What Are the Symptoms of a Mini Heart Attack?
The symptoms of a mini heart attack are chest discomfort that lasts for a few minutes, discomfort in other areas of the body such as the arms or jaw, difficulty breathing, feeling nauseous or light-headed, a racing heart and cold sweats, according to the American Heart Association.
Some medical conditions, such as takotsubo syndrome, angina, gastroesophageal reflux disease, pulmonary embolism, aortic dissection and musculoskeletal pain can imitate the symptoms of a mini heart attack, explains Seconds Count. All of these medical conditions' symptoms include chest pain and some, such as aortic dissection, can cause a heart attack. Women are more likely than men to experience difficulty breathing, upper body pain, and nausea.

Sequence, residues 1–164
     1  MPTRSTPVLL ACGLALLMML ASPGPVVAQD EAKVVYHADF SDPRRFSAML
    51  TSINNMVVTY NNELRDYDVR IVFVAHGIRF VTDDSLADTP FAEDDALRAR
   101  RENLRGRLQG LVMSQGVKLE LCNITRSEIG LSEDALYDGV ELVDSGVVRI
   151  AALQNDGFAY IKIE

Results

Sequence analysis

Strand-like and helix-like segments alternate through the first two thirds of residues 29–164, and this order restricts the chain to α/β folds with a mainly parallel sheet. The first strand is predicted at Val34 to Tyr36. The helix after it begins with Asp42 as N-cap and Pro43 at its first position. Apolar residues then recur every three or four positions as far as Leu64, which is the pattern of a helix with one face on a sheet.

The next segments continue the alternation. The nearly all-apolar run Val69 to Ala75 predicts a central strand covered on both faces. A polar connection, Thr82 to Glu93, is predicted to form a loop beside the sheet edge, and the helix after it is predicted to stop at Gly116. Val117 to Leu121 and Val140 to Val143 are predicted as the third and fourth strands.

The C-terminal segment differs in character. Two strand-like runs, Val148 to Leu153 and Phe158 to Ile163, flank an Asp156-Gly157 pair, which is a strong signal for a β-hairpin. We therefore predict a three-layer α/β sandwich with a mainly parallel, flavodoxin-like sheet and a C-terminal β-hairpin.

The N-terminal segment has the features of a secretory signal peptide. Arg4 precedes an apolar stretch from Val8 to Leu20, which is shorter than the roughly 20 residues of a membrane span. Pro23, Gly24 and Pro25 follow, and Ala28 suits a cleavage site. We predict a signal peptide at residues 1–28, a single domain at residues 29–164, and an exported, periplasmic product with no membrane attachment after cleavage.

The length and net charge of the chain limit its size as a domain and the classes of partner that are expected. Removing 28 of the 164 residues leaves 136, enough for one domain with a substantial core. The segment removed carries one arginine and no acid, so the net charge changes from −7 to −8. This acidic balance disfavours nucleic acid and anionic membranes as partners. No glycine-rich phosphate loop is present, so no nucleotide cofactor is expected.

A heart attack can be a symptom of an underlying disease such as coronary artery disease, according to the American Heart Association. The patient's physician can test for arterial clots using non-invasive and invasive procedures such as thrombolysis. An ECG or EKG can test for damage to the heart.
The CDC explains that almost 750,000 Americans have a heart attack every year. It is important that those experiencing a mini heart attack contact 911 or their physician immediately because every second counts. Identifying the warning signs of a heart attack can save lives, as almost half of all heart attack deaths happen outside of a hospital.